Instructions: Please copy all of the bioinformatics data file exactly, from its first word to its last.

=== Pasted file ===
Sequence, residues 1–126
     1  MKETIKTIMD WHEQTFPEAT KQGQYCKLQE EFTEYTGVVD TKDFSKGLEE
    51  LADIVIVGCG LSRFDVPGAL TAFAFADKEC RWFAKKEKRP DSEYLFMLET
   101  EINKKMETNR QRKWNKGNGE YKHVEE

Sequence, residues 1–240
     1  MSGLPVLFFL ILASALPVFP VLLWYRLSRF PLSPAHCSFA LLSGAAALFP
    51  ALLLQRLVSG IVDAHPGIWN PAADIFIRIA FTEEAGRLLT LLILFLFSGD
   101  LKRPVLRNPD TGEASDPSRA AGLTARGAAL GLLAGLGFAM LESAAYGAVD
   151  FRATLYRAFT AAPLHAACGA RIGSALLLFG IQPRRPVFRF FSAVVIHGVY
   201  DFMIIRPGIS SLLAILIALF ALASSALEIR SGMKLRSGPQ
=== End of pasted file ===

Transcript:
Sequence, residues 1–126
     1  MKETIKTIMD WHEQTFPEAT KQGQYCKLQE EFTEYTGVVD TKDFSKGLEE
    51  LADIVIVGCG LSRFDVPGAL TAFAFADKEC RWFAKKEKRP DSEYLFMLET
   101  EINKKMETNR QRKWNKGNGE YKHVEE

Sequence, residues 1–240
     1  MSGLPVLFFL ILASALPVFP VLLWYRLSRF PLSPAHCSFA LLSGAAALFP
    51  ALLLQRLVSG IVDAHPGIWN PAADIFIRIA FTEEAGRLLT LLILFLFSGD
   101  LKRPVLRNPD TGEASDPSRA AGLTARGAAL GLLAGLGFAM LESAAYGAVD
   151  FRATLYRAFT AAPLHAACGA RIGSALLLFG IQPRRPVFRF FSAVVIHGVY
   201  DFMIIRPGIS SLLAILIALF ALASSALEIR SGMKLRSGPQ